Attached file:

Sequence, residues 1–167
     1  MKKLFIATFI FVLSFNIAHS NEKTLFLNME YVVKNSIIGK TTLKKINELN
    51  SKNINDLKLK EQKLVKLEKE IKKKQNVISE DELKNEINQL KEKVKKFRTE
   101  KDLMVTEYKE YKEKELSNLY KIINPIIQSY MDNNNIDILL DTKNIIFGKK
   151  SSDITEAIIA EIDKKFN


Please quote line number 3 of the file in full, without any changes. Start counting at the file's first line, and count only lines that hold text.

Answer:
    51  SKNINDLKLK EQKLVKLEKE IKKKQNVISE DELKNEINQL KEKVKKFRTE